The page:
They’re one of the few items in Kate Middleton’s clutch bag and Meghan Markle used them on her wedding day. Here’s why blotting papers deserve a spot in your makeup kit
Blotting papers - they’re just glorified Borrower sized nose napkins, no? While many will remain of that opinion, the rather old-skool book of blotting papers is seeing a resurgence in popularity of late, partly down to the fact that they’ve been revealed as beauty staples of both Kate Middleton and Meghan Markle . Given that anything worn or used by the women of the royal family in particular tends to trigger a sales rush, the pique in interest in the humble blotting paper is hardly surprising, but everyone from dermatologists to red carpet makeup artists agree that blotting sheets are far from a fad - they have sebum soaking capacities that can trump powder in terms of avoiding cakiness and keeping makeup in place and they certainly make for a cleaner, sleeker makeup kit, which is likely why they’ve found favour with Kate…
Author Marcia Moody stated in her biography of the Duchess of Cambridge (tellingly titled Kate: A Biography ) that Kate only carries four items in her usually neat and petite clutch bag when she’s taking part in royal engagements - a lip balm, a mirror compact, a hankie and blotting papers. If you’re aiming to Marie Kondo your life, Middleton could be a good role model for that, although it should be noted that she doesn’t need the cash, house keys, smartphone and emergency snack bar that most of us require on a daily basis. But back to the blotting papers, because they’re not just handy for dabbing away shine on royal meet and greets - they were also one of the select number of beauty products used by makeup artist Daniel Martin on Meghan Markle’s wedding day .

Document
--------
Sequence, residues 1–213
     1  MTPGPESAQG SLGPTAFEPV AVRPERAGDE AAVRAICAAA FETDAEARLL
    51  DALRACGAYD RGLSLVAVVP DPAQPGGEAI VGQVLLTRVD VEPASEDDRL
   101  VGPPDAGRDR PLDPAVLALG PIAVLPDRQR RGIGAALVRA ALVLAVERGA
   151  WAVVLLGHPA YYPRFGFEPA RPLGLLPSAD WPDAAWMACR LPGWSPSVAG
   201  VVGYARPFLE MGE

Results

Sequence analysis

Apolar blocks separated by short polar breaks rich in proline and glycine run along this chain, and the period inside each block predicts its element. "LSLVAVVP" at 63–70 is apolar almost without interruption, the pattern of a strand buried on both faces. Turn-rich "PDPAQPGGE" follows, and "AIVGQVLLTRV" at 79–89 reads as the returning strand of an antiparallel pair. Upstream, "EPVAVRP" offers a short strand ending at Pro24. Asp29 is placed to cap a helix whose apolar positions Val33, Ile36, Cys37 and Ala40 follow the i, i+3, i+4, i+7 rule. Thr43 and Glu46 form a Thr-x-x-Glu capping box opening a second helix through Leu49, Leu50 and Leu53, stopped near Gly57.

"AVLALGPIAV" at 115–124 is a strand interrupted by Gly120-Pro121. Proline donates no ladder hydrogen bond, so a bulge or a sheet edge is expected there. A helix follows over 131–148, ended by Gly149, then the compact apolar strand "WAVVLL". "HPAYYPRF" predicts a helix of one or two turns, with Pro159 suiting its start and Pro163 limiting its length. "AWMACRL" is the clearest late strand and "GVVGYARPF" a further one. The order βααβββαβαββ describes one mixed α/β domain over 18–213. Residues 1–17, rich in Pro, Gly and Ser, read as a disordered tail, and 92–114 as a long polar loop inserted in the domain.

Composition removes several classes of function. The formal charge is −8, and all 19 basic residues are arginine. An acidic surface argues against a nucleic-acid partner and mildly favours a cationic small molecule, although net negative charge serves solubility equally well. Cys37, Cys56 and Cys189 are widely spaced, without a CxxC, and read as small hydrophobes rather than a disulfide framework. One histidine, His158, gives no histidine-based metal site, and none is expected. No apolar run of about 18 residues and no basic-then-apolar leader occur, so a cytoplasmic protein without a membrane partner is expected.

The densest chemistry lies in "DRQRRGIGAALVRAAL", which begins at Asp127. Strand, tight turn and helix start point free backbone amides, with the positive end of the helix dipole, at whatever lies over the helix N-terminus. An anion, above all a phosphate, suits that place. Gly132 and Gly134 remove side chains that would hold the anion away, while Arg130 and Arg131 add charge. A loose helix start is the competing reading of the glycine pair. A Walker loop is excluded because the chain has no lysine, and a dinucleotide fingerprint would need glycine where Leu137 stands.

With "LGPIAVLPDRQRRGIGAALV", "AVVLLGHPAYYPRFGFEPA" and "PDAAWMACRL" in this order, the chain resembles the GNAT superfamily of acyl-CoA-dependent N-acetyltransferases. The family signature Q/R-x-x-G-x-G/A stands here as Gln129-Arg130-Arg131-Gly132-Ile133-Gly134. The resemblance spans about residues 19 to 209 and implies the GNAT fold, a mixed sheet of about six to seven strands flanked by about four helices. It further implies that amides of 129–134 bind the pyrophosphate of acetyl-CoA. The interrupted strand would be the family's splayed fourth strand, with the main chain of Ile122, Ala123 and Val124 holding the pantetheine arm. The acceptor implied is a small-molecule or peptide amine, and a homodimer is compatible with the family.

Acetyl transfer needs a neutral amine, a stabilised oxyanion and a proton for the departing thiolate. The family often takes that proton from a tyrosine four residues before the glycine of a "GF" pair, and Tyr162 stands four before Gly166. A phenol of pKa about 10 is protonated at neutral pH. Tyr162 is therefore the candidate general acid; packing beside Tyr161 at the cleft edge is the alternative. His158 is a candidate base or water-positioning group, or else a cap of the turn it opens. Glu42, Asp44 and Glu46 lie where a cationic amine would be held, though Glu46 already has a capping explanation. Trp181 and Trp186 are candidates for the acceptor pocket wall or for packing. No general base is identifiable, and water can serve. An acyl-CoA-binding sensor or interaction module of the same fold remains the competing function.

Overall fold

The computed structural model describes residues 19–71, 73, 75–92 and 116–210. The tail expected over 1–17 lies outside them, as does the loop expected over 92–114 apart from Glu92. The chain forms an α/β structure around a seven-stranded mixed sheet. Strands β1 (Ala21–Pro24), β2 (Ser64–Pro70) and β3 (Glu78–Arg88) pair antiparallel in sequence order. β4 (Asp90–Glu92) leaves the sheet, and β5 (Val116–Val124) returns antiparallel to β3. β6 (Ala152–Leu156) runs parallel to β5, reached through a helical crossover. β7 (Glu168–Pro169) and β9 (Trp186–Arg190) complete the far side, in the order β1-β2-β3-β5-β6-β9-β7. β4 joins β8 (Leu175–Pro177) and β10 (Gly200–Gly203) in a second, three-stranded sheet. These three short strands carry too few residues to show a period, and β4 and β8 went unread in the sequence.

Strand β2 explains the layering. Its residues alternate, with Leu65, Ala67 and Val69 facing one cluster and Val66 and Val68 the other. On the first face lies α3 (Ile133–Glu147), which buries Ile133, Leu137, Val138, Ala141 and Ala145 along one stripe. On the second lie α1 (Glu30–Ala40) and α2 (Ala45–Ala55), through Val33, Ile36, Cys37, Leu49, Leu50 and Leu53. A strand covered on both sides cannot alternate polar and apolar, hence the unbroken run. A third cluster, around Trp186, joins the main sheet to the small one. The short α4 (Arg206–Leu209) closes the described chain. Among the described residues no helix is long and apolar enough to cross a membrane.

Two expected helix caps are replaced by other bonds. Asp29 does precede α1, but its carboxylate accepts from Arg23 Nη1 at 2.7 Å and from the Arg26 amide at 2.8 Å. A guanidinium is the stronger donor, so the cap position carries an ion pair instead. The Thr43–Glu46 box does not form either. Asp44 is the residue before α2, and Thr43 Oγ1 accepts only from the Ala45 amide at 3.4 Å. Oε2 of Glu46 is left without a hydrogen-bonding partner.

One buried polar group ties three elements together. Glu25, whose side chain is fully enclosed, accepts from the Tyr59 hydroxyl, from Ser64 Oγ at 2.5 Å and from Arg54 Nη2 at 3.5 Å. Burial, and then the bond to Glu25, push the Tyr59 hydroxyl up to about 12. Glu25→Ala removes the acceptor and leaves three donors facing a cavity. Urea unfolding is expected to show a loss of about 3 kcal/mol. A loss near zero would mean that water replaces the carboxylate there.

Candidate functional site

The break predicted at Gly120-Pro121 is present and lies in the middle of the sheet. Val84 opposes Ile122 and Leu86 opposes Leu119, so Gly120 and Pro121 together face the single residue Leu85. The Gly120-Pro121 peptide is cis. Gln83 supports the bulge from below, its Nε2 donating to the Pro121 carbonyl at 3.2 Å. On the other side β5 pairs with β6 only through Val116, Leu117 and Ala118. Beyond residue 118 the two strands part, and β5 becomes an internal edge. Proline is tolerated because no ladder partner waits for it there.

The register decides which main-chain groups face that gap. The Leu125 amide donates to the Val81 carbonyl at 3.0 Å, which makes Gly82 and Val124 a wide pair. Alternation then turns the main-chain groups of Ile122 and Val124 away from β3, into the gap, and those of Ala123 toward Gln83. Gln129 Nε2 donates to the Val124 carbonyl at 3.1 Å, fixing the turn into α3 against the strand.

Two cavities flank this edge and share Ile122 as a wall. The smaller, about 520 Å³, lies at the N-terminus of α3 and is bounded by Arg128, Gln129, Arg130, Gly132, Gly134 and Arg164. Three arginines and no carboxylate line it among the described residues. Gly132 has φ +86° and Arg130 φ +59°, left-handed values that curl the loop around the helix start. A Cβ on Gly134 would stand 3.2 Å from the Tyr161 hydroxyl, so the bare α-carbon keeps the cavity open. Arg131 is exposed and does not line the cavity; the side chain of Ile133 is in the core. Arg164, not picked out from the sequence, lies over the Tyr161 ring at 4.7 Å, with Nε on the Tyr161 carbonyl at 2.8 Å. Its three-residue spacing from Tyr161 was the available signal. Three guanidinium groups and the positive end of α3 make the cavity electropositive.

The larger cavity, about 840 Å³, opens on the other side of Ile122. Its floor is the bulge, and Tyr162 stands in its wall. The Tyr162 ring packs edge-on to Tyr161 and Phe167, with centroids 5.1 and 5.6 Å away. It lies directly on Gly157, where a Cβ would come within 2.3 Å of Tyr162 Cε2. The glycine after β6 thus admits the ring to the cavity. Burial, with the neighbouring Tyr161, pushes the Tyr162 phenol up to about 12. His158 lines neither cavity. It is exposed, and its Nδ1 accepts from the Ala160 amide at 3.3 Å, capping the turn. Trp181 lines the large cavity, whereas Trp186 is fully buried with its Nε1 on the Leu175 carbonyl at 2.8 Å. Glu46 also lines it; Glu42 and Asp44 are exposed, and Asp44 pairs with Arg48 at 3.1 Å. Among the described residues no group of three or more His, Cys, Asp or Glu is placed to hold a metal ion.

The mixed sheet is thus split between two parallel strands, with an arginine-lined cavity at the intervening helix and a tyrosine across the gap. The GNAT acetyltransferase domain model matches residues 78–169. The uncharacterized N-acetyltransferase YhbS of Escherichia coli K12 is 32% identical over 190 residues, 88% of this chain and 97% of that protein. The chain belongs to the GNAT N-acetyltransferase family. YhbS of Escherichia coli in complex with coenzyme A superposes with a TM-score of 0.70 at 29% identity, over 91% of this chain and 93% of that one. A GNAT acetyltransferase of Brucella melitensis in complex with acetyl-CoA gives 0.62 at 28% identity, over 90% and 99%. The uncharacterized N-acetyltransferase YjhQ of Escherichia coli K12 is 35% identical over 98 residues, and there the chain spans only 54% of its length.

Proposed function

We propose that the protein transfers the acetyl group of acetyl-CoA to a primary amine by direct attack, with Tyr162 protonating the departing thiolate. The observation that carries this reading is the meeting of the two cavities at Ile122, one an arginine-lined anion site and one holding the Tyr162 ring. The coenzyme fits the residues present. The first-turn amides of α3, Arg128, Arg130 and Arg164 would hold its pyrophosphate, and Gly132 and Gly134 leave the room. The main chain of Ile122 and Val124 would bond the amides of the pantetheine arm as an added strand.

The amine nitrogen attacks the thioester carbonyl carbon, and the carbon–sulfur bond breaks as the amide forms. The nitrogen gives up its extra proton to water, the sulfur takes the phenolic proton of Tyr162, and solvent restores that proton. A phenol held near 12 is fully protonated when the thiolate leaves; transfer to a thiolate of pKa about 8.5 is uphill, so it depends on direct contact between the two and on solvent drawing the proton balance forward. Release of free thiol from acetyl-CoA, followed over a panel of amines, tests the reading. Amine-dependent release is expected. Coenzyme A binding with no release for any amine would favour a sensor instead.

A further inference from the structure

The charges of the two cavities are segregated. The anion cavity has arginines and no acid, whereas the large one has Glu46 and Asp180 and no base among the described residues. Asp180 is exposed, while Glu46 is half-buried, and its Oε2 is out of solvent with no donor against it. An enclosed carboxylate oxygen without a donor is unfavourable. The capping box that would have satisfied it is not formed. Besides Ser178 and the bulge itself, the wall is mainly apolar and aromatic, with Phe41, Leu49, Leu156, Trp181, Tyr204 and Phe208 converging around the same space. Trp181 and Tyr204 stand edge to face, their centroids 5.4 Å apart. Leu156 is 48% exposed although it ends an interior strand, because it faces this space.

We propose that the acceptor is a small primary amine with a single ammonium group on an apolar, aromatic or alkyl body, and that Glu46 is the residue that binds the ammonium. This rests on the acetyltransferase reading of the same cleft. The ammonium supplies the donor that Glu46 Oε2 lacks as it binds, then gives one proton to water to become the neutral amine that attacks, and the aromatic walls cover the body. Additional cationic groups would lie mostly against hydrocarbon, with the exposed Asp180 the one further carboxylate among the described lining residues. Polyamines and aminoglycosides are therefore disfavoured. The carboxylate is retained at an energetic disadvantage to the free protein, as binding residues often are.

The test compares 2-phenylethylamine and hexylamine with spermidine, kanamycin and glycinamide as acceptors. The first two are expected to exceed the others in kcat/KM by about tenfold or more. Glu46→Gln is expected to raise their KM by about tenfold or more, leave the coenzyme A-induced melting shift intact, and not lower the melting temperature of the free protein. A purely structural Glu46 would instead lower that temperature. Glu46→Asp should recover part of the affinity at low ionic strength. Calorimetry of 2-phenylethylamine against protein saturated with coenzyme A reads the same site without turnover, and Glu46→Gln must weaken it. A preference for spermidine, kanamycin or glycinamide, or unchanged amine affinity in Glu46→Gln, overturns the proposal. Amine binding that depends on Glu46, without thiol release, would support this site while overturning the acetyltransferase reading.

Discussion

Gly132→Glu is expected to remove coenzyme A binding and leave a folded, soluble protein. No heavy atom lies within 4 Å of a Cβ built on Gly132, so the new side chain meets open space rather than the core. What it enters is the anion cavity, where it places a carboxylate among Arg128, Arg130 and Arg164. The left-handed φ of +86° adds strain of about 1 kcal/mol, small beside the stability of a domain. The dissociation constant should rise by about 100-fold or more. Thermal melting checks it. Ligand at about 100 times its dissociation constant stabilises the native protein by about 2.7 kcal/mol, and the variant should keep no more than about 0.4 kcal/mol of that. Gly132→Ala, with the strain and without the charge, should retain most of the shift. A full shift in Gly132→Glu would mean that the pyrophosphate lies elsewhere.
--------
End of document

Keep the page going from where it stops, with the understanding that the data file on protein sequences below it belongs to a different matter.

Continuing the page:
Alongside her favourite lipstick , Martin revealed to Elle that blotting papers were integral to the Duchess’ beauty look on the day - he used them on her nose, forehead and chin and Meghan took only her lip colour and blotting papers to her reception. Celebrity makeup artist Nathalie Eleni confirms that blotting papers are a special occasion essential - she also sends her clients on their way with a booklet of blotting papers pre-red carpet events:
“Blotting papers are brilliant for weddings, evenings out, dates and other ‘small bag’ occasions - they’re easy to carry, never spill or break and you don’t need a mirror to use them. They’re great for quickly mopping up oil on set, on a photoshoot or at an event and they help you avoid the dreaded cakey makeup situation," says Nathalie.
“When prepping my clients I’ll usually use a dusting of powder to begin with to set makeup and then a blotting paper later to tone down any grease," she continues. "I think that they’re superior to powder in this sense as they prevent you needing to continually layer your makeup.”
The royal blotting paper crush likely doesn’t finish with Meghan either, as Princess Eugenie’s bridal makeup artist Hannah Martin has also declared herself a fan, recently telling us that she carries NYX Blotting Papers , £4, with her to refresh makeup and absorb oil where needed without her initial makeup going patchy.